In my view, this is still behind the news curve in terms of estimated total costs.
My projections for total losses are as follows:
- Nama - net loss of (mid-range) €12bn, rising to €19bn in the worst case scenario (although I have not redone estimates for this scenario for some time and they reflect 55% haircut applied on Tranche 1);
- Anglo - €33bn in mid-range case, rising to €38.6bn in the worst case scenario (another update is due once the bank reports its results in the next few weeks);
- INBS - €6bn, no range as we have little clarity as to their balance sheets details;
- AIB - €7bn mid-range, assuming successful disposal of M&T and BZBWK, worst case scenario €9bn;
- BofI - €2bn.
Importantly, S&P's negative outlook allows for the possibility that the rating could be cut
further if the Government fails to deliver on promised fiscal stabilization. This can occur either due to significant continued deterioration in underlying economic conditions or due to the failure of the Government to actually implement planned cuts, or both.
S&P's current position rates Ireland at the same level as Fitch and one notch below Moody’s, but both of these are keeping Ireland on a stable outlook.
S&P latest estimate is for Ireland net government debt / gross GDP ratio reaching 113% in 2012. Forever cheerful folks at DofF projected this ratio to be 83.9% in 2012 in their Budget 2010 figures. This shows just how much can change in 8 months time. S&P's estimate for debt implies Ireland is facing greater debt mountain than similar rated Belgium and Spain.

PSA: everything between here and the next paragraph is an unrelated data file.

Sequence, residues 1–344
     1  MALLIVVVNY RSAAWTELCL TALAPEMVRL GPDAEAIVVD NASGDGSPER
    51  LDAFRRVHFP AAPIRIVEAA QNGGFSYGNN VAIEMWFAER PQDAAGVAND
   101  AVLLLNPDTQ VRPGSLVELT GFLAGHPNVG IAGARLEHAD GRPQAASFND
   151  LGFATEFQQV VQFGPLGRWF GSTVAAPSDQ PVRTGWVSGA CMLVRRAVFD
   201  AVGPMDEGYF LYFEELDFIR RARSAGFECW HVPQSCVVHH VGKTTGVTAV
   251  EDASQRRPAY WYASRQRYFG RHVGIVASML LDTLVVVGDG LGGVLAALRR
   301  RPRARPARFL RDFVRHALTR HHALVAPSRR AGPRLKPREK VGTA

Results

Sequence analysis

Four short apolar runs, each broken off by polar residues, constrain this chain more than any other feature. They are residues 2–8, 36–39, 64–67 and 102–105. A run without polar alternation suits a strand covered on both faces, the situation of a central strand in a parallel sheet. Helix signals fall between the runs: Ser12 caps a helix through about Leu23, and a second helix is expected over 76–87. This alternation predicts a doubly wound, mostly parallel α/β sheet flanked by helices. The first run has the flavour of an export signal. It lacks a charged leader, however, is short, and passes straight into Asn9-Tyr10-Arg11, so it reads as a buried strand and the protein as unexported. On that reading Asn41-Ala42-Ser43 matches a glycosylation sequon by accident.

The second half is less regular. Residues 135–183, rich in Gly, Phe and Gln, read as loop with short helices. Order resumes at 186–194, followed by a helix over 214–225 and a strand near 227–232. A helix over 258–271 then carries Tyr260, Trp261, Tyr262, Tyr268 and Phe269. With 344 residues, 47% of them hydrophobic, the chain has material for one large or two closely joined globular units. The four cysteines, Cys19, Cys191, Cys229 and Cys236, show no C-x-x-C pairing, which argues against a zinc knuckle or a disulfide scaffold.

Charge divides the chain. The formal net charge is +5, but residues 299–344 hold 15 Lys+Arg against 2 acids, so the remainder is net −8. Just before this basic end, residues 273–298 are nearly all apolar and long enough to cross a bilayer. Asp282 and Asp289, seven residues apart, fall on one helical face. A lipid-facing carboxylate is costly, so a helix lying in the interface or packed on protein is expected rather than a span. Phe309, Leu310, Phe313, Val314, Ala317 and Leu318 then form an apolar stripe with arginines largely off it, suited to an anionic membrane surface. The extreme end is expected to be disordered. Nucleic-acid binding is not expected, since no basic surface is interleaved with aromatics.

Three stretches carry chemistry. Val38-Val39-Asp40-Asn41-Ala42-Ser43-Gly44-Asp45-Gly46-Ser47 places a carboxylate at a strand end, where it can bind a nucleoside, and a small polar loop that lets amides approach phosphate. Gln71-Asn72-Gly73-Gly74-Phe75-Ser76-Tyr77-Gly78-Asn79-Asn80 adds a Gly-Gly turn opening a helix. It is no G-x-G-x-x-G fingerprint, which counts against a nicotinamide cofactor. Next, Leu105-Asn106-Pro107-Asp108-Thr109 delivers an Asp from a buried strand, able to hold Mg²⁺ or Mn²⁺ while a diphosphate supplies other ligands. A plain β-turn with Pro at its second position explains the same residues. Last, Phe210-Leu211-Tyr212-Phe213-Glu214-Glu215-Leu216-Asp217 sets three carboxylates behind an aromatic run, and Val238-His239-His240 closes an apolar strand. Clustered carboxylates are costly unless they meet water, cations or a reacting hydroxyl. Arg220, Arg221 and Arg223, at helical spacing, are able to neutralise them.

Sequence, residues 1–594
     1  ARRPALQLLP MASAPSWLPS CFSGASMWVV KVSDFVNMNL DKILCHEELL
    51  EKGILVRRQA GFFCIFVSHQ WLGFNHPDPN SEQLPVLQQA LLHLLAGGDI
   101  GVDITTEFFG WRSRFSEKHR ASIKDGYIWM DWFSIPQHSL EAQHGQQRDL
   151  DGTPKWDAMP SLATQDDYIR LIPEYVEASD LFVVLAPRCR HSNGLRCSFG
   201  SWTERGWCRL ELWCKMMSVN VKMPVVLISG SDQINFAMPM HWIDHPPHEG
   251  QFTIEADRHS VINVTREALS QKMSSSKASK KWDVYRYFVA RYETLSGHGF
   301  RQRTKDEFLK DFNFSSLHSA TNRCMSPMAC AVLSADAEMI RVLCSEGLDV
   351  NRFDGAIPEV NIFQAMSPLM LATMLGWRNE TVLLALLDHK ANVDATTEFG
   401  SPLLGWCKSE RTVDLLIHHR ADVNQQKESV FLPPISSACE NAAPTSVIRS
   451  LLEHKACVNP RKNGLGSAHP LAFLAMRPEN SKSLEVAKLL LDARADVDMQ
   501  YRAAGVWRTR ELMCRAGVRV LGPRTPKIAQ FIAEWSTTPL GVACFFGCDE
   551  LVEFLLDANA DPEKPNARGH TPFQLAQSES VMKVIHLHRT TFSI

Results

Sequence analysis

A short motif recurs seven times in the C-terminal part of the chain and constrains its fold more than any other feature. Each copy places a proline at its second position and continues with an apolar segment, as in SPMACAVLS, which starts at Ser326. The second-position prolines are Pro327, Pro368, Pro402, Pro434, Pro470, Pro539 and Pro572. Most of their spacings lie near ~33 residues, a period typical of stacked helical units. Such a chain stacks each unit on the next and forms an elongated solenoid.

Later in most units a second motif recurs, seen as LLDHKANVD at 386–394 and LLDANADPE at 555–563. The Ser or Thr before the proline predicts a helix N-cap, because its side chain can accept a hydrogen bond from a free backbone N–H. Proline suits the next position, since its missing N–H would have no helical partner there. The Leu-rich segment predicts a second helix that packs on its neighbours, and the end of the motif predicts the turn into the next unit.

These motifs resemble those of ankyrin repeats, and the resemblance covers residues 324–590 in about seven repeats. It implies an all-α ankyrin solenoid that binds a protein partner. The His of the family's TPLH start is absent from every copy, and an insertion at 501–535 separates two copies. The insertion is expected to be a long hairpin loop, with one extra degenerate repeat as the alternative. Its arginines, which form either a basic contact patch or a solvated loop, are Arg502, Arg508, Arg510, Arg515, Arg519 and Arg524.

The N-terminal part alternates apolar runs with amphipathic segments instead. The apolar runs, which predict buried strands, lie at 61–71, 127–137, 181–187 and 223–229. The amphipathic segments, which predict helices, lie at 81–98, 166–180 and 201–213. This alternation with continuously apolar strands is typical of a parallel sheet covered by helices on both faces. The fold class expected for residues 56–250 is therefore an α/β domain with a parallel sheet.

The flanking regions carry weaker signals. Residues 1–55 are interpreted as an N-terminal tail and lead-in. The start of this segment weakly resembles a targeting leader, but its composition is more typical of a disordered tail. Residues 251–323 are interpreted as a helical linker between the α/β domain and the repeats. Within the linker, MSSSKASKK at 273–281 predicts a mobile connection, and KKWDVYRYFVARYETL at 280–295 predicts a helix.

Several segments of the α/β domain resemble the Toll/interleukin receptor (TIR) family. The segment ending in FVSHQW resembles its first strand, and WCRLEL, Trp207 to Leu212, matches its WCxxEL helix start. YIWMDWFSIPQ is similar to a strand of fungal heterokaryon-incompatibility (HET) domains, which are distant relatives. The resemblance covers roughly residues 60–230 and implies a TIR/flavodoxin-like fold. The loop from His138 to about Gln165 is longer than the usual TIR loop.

But here comes a tricky part. Remember that our debt is currently yielding in excess of 5.5% for 10 year notes. This implies that in 2012, we can expect to pay out 6.215% of our GDP in interest payments alone, or 7.52% of our domestic economy total income. The bill will be €10,241 million - using DofF forecasts - or 20.5% of the total current expenditure planned by the Government. All in, even by rosy projections from DofF for tax revenue, our interest bill alone will be swallowing every third euro revenue will bring in.
This puts into perspective recent ECB research that concluded that debt levels above 90-100% of GDP are, "on average, harmful for growth" and that porblems could arise at the debt levels of as low as 70% of GDP. ECB currently projects that euroarea-wide average debt levels will reach 88.5% in 2011. Does anyone believe anymore that Ireland can run 2.5-3% annual growth rate in the current conditions as projected by the IMF? Or 4.5-4.3% (2012-2013) real GDP growth as projected by DofF?